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The Windows XP color scheme and Claude Monet

First a quick test. What is the "default" action when you hit the enter key on your keyboard while this dialog is displayed:

Windows 98 shutdown dialog

And what is the "default" action of the dialog below?

Windows XP shutdown dialog

I don't know about you but it seems to me that the Windows 98 shutdown dialog is much easier to understand. Shutdown in the 98 dialog, with its little black blob and its dotted rectangle, is obviously what will happen if I hit the enter key on my keyboard.

But with XP I have not got a clue! I think that Standby is brighter than Shutdown, but I am not sure. Or maybe it is that grey Cancel button? Some, well, idiot, designer got carried away with shading and zillions of colors and 3d effects and decided to (literally) blind us with his/her color sense. The only problem is that for the average user it is color nonsense!.

With Windows XP Microsoft has given us more colors and less information. Fluff has won! The triumph of form over content. It does not matter if it works, just as long as it is attractive!

The designer has not even given us a clue with a little rectangle around the default button, which would have helped us:

Could be a better solution

Why is it hard to understand which is the default? Because we humans, even non color blind ones, have big problems distinguishing the "brightness" of different colors. It is easy to see the "brightness" difference between a dark red and a medium red. But it is hard to see the brightness difference between a dark red and a medium green.

This may be because we have two different distinct systems in our eye-brain biology. Although we seem to see a single image the brightness information (grey scale images) and color information are treated separately.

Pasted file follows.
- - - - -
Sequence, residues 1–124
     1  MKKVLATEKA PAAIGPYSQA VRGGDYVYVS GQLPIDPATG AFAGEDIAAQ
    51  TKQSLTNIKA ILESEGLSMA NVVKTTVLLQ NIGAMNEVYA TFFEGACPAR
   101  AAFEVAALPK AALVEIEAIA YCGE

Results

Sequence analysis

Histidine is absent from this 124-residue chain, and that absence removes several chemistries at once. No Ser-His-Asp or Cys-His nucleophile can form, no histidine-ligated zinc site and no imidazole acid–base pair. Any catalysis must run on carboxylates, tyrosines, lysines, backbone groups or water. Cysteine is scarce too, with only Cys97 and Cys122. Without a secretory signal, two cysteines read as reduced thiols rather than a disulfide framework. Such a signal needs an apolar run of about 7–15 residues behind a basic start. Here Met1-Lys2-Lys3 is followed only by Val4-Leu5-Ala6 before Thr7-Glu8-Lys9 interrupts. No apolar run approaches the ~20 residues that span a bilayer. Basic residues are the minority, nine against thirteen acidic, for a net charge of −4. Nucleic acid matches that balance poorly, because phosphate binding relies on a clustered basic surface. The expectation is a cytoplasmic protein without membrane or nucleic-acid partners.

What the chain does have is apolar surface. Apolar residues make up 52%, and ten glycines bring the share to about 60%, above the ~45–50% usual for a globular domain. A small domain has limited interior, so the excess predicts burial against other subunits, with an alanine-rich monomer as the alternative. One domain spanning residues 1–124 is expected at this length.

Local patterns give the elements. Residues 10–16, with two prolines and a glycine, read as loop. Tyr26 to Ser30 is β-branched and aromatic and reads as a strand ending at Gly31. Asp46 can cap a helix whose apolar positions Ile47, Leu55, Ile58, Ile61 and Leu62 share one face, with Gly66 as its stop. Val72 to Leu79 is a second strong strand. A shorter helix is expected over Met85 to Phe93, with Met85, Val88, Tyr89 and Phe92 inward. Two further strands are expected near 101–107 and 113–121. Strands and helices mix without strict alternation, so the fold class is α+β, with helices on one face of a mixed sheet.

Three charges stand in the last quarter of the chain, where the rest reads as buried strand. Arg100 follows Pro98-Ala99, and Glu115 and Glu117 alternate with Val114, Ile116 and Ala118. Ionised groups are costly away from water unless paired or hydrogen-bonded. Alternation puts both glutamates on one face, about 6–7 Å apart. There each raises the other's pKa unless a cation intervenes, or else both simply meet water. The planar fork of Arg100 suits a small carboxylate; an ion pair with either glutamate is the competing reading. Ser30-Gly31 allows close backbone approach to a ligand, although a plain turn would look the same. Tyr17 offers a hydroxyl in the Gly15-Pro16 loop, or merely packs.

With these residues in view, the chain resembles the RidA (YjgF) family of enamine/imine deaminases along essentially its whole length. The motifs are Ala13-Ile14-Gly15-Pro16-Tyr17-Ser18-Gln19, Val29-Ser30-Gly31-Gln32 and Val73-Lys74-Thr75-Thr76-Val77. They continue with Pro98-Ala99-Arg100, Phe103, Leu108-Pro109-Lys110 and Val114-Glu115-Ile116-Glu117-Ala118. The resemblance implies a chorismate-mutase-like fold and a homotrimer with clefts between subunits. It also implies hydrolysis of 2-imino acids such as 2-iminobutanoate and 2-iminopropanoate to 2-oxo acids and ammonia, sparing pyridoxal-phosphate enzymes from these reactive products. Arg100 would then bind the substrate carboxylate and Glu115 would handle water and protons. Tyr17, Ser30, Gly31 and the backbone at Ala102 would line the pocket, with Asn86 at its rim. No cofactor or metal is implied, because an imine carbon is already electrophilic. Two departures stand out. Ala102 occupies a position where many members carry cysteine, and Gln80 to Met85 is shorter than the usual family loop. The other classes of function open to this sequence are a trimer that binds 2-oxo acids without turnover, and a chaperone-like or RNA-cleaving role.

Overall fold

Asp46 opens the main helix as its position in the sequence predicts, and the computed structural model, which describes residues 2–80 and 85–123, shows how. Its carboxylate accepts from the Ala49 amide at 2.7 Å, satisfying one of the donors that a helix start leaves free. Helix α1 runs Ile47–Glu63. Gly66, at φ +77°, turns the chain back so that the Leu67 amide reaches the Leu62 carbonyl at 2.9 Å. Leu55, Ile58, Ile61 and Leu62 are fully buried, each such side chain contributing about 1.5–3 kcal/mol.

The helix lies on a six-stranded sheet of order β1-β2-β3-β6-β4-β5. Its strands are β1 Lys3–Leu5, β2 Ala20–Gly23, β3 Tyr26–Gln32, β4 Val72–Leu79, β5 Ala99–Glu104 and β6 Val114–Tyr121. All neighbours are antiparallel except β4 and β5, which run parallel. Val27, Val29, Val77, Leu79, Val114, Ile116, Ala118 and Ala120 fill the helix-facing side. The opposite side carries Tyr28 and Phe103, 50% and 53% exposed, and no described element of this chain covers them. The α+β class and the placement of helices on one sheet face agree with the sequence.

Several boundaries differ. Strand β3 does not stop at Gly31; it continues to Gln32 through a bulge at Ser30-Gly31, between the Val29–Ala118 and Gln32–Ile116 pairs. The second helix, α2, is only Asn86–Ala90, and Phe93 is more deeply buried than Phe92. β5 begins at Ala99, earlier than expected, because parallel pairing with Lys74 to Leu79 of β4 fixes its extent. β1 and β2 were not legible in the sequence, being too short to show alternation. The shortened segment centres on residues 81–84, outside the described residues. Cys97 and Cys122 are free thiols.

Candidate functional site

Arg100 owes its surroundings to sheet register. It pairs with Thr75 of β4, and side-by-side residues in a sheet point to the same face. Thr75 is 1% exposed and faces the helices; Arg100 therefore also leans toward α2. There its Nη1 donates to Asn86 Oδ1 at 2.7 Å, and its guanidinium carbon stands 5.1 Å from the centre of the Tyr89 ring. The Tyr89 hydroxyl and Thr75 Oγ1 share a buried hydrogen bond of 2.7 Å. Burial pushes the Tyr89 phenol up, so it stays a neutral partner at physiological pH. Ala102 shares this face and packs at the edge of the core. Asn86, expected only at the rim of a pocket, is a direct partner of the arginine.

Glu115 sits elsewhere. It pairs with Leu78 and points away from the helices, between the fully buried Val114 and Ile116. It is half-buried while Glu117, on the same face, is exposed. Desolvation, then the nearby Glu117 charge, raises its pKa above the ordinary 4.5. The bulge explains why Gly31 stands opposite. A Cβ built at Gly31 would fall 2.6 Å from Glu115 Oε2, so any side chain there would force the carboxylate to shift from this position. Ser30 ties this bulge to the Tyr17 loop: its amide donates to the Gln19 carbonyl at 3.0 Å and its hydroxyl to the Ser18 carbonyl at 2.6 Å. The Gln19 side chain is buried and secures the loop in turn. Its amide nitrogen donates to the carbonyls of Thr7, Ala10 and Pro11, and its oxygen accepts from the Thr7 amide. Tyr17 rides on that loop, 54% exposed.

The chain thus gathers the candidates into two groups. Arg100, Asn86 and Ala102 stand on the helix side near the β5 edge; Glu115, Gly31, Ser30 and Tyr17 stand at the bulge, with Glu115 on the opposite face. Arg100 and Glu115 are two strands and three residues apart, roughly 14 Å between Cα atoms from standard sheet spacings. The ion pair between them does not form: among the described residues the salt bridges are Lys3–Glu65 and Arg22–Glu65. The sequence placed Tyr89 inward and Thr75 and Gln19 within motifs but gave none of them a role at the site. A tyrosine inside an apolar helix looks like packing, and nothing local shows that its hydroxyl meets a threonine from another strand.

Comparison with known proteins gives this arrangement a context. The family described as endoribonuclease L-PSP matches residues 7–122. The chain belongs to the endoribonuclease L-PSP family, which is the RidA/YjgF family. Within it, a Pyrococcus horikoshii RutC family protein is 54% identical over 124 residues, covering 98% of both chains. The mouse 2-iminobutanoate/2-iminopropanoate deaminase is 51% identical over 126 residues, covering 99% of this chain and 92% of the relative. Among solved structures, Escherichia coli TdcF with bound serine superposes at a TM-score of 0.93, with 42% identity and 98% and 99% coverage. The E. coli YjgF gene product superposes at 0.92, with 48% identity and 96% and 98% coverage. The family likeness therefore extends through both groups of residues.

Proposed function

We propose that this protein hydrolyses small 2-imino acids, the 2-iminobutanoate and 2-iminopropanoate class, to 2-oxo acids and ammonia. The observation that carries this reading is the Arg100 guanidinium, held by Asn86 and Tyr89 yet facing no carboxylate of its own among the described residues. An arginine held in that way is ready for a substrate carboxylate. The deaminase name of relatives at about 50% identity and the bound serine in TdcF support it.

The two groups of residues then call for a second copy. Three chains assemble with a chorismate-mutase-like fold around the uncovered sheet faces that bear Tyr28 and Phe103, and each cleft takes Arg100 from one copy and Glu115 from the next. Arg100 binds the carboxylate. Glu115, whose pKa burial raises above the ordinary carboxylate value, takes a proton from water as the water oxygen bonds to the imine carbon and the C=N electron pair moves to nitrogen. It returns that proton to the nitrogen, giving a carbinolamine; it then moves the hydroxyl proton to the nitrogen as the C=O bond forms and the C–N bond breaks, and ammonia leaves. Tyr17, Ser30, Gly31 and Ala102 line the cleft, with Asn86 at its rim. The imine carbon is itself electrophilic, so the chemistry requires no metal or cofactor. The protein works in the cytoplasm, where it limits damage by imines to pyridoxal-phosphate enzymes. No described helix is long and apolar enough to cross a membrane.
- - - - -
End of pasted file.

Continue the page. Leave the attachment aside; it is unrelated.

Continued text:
Where does Claude Monet come into this? Well, either by chance or design, his famous "Impression Sunrise" (1872) takes advantage of this limitation in our visual system:

Look at the sun, it actually seems to glow out of the painting, almost shimmering. It is has undefined edges which seem to move as you look at them. One theory about why this happens is that the eye cannot decide about the actual brightness of the sun and where its edges are.

The pure grey-scale processing part of the brain is saying "there is nothing there", as you can see in this greyscale version of the above image:

The sun has gone! But the color part of the eye-brain visual system can see the sun:

.

Unfortunately our color processing is low resolution and so cannot give a definitive edge or position to the sun.

This effect is great for impressionist paintings, but hopeless for the design of easy to use computer interfaces. So please Microsoft, fire the designer of the XP Shutdown dialog, and make all buttons the same color if there is a default selection you want to tell the user about.

I have a suspicion as to why XP looks so different. Imagine that Microsoft had not changed the look from 98 to XP in so dramatic a manner. Would you have noticed any difference in using XP and 98 (or NT or 2000)? Under the hood has anything changed? And if it has changed, is it for the better?

Other articles at www.ransen.com

How to create a sepia vignette from a normal photograph
Sepia Vignette Effect

 



 
   
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